Monday, December 31, 2007

Reading Montaigne is not only discovering a man and his humanistic ideas. It is also discovering an era.

When one reads Montaigne’s Essays, one thing that strikes is the modernity of the ideas and statements written down in the book. Of course, there are exceptions like his observations about women, but generally Montaigne gives many ideas and rules of life that are still applicable today and that can be used as guides in life. For understanding what Montaigne writes and for reading the Essays with pleasure, one does not need to know much about the man and the time he lived in. But what is the Battle of Dreux? Why was there so much violence around him in those days and why was his castle besieged? Who were Henri II, La Boétie, and many other persons he met? Why does he write so much about religion? Why are his Essays full of examples and quotations from classical antiquity? And so on. Many questions can be asked when reading the book, but, as said, the Essays can be read well and with pleasure without asking them and, in case one does, it is not necessary to answer them in order to enjoy the book. However, the author and his work can be understood better, if one does not only ask questions like these and if the reading does not only makes curious about such themes but if one really tries to answer them by diving mentally into the life and time of Montaigne. Then one does not only receive a better understanding of Montaigne’s Essays and what he is writing about his environment and himself (and aren’t the Essays a comment on and an explication of his life?), but one goes also into a period of history that was essential for the way the following ages developed. And the more one becomes involved in the time that Montaigne was living in, the more curious one becomes, and the more one wants to know about it. How amazing this age was! Therefore, I dare to say that reading Montaigne’s Essays is not only discovering a man and his humanistic ideas; it is also discovering an era.

Monday, December 24, 2007

Peace and politicians

Peace is not something that one must leave to politicians. In my blog last week, I criticized those politicians that show themselves satisfied with the result of the environment conference on Bali. Of course, it is so that many politicians would like to take more radical measures than those proposed in the rather vague document accepted at the end of the conference. But it is a fact that it wouldn’t have even come so far (and one can doubt whether the word "far" is the right word in this context) if there had not been much pressure from the base, from the grass roots, on the politicians. Without this pressure, maybe no declaration would have been accepted at all. Happily, many people are more radical in the measures to be taken in order to solve the environment problem.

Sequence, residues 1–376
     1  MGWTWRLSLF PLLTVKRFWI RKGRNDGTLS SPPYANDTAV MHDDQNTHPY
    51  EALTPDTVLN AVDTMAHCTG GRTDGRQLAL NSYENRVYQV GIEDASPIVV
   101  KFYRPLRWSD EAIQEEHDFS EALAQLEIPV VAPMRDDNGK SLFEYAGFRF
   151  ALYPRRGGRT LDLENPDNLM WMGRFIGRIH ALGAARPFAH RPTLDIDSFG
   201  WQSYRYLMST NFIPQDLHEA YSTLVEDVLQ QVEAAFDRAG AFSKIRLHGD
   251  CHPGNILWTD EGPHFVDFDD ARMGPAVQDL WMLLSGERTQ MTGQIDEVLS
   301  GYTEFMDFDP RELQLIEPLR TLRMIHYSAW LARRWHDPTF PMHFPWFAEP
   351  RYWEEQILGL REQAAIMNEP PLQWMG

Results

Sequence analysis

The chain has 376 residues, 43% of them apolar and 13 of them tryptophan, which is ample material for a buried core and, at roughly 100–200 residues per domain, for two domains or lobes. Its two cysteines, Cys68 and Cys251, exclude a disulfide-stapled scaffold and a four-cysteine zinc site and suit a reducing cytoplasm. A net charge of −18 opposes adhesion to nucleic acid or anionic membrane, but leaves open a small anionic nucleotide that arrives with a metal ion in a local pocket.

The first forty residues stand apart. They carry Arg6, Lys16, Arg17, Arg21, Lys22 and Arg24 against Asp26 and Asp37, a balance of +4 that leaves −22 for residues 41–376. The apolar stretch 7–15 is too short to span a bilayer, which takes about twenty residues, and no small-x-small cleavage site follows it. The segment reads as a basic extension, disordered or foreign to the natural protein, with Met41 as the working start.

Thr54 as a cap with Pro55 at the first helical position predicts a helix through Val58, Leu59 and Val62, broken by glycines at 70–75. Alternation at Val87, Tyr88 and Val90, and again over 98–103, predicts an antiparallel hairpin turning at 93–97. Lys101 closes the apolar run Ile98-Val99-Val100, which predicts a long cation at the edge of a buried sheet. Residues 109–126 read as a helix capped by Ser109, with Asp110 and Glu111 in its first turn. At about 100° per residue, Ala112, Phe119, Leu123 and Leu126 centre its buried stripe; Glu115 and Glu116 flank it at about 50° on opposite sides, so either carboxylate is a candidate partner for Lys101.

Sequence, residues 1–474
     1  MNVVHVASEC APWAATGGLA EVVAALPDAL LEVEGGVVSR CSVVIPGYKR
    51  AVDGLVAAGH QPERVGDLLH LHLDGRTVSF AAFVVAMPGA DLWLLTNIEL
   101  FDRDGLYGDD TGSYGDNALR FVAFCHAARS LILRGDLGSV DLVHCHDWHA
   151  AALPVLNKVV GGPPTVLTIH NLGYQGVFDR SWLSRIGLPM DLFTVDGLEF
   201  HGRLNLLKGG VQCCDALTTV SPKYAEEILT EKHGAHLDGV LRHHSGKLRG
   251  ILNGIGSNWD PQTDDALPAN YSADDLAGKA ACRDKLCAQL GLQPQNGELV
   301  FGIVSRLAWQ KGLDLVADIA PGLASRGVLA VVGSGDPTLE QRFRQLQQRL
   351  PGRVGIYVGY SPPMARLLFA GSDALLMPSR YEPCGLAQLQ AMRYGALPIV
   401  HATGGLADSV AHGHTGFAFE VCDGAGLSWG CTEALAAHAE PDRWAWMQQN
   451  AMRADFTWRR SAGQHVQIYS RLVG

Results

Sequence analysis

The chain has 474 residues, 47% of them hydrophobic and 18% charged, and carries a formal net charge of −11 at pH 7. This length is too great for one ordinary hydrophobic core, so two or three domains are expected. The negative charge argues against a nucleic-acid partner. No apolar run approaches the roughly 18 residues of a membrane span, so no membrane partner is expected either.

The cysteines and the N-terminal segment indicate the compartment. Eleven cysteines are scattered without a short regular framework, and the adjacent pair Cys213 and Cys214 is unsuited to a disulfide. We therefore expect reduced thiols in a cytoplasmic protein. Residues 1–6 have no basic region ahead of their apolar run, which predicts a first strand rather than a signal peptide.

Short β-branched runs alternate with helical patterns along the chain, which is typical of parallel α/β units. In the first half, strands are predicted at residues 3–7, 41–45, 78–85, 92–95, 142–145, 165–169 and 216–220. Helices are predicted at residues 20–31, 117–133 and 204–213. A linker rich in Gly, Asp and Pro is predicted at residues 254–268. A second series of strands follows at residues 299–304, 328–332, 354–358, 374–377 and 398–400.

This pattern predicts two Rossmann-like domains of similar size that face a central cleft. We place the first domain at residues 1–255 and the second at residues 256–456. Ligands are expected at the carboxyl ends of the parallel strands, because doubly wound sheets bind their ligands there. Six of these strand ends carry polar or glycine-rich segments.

It is the same for peace (and is there so much difference between peace problems and environment problems? It was not without reason that Al Gore received the Nobel Peace Prize). I do not want to say that everybody is peaceful (and isn’t it so that politicians belong also to this "everybody"?), but in her or his heart everybody wants peace. Nobody wants war, and everybody want to do his or her best for it. Why don’t politicians understand this?

Monday, December 17, 2007

Praising yourself until the end

The delegates of the climate conference applaus for themselves and the world continues going down.

Monday, December 10, 2007

Proportionality of means

One can discuss about the usefulness of sending Western soldiers to Afghanistan, but if the Dutch government says that building up the country is very important, why are they going to spend then about thousand million euros for the Dutch army in Afghanistan in the years to come and only some tens of million euros for building up the country

Monday, December 03, 2007

Resistance to oppression

"If the essence of totalitarianism is its attempted penetration of the innermost recesses of life, then resistance can begin in those same recesses – in a private conversation, in a letter, in disobedience of a regulation at work, even in the invisible realms of a person’s thoughts". (Schell, The unconquerable world, Penguin Books, p. 199)
Nonviolent resistance is not only mass demonstrations, strikes, open protests, and the like as practised by Mahatma Gandhi, Martin Luther King and others and as theoretically developped by Gene Sharp. Nonviolent resistance is also living your own way of life, doing what you want to do in the way you want to do it: doing things not because the regime or the dictator prescribes them, but because you think that it is the right way of doing. It is what Havel called "living in truth". These (the open protests and "living in truth") are the two main ways of nonviolent resistance. The first means resistance on the political level, the second on the level of daily life. Both are important and both have to be applied according to the circumstances. Sometimes open resistance is better, sometimes hidden resistance is better, and sometimes both can be applied at the same time.